The Return of NHL Arcade

The 3-on-3 concept extends itself into a new mode also. Back in 2009, EA Sports released NHL Arcade to the Xbox 360 and PS3. It was silly, power-up filled, arcade hockey that was a blast to play with friends. In NHL 18 they have tried to recapture some of this by bringing in NHL Threes. It has the same roots as being a 3-on-3, arcade style. Everything about the presentation is over-the-top, from the commentary to the goal celebrations. You can set unique rules for each game also. How many periods do you want to play for? Or is it first to 7? Win by 2?

The thing is, it doesn’t quite fully recapture the spirit of NHL Arcade. It’s a valiant attempt, but the underlying problem with NHL 18 is evident here too.

On the Ice

On the ice, NHL 18 just doesn’t feel as smooth any more. EA Sports have done a lot to provide you with the tools you need in the control schemes. And the knowledge on how to use them. There are a host of training videos and scenarios provided by the Canadian National Team in NHL 18. But really, it’s just left me thinking more about how awkward the game has become to play. Passes seem to go astray, saucers don’t really have any lift, one timers seem to stick and aren’t nearly as effective. Unless it’s the computer using them when you try to play as a goalie in Be a Pro. Then they are lethal, and the AIs main, if not only tactic.

The AI does take more shots though this year. That was a big problem with previous NHL games where you tried to play goalie, the AI wouldn’t shoot unless it was a high percentage opportunity, so they would end up scoring maybe 4 goals on 16 shots. In NHL 18 you are getting a good 30 shots on you (obviously depending on the game settings/period length you choose), allowing you to get a decent save percentage even if you do let in a couple. However, I still noticed a pattern playing as goalie that stuck out. Playing the college games (higher score-lines anyway) I would maybe let in one or two during the first period, but then up to five or six in the second, before letting at most one in during the third period. Now if this happened every now and again I would say that it was down to luck/skill. But this seemed to happen in almost every game I play.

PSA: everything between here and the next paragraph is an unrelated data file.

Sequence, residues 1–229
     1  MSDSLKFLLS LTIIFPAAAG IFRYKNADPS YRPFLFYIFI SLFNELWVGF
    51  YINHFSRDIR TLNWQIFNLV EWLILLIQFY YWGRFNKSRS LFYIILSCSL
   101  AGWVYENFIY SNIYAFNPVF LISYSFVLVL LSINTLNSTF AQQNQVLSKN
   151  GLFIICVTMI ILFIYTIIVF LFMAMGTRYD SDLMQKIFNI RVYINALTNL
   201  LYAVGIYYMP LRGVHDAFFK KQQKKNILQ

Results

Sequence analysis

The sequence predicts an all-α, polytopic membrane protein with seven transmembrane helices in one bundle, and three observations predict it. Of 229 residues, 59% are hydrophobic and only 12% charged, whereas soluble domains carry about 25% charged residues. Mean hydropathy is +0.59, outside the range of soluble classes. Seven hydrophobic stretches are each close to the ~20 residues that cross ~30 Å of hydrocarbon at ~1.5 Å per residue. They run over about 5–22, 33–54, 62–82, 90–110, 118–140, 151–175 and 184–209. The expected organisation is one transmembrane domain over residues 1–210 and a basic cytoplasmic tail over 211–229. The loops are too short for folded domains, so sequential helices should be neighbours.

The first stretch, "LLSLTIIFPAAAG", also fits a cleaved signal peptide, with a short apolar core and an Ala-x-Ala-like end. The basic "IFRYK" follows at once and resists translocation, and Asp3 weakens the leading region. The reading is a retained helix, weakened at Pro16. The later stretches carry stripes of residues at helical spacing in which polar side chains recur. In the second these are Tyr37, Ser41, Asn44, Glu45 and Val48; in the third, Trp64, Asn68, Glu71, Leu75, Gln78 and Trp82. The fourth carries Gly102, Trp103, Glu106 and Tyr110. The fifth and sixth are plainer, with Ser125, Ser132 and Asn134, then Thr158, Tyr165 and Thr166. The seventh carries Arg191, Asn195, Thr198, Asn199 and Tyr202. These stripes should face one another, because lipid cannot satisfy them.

Off the Ice

And as much as I have complaints about the on ice action in NHL 18, getting there is part of the problem too. I’ve already mentioned the terrible online lobbies for EASHL, but the menu system all round in NHL 18 is bad. Menus with so many sub layers and too many options. Menus that are slow to load and react. And then loading into the game itself takes an age, especially when you compare it now to Madden. NHL used to be one of the quickest, probably down to the fact the arenas are smaller and more compact. But now it feels like the slowest.

One of the saving graces of NHL 18 is the fantastic soundtrack it has this year. The songs chosen are all great. However, for some reason EA haven’t given you access to choosing which ones to listen to or toggle out of the playlist, a feature that is available in just about every EA Sports game ever! There are around twenty tracks on the playlist, which sounds reasonable. But when you find yourself stuck in the menus so often, it won’t be long until you are hearing songs on repeat. In addition to the soundtrack, there are a whole host of music clips that you can use for your team in franchise mode for goals, entrances etc.

The march of Europe

One final saving grace for NHL 18 is a greater inclusion of Europe. As mentioned earlier in Franchise mode, if you choose to create that 32nd NHL team then you can base them just about anywhere, including a host of European cities. Also comes the addition of Champions Hockey League, Europes top competition (similar to the Champions League for Football). This means that we finally have a couple of UK teams; Nottingham Panthers and Cardiff Devils, making an appearance in the game. Hopefully by NHL 19 we might see the arrival of the EIHL.

I think my final feelings on NHL 18 are ones of frustration. The team have obviously gone to quite an effort pushing in new features in an attempt to spruce up the game. However, it feels like they have just come up a bit short here. Especially compared to their colleagues that are working on the Madden and FIFA franchises.

6 failed attempts to join a drop in game out of 10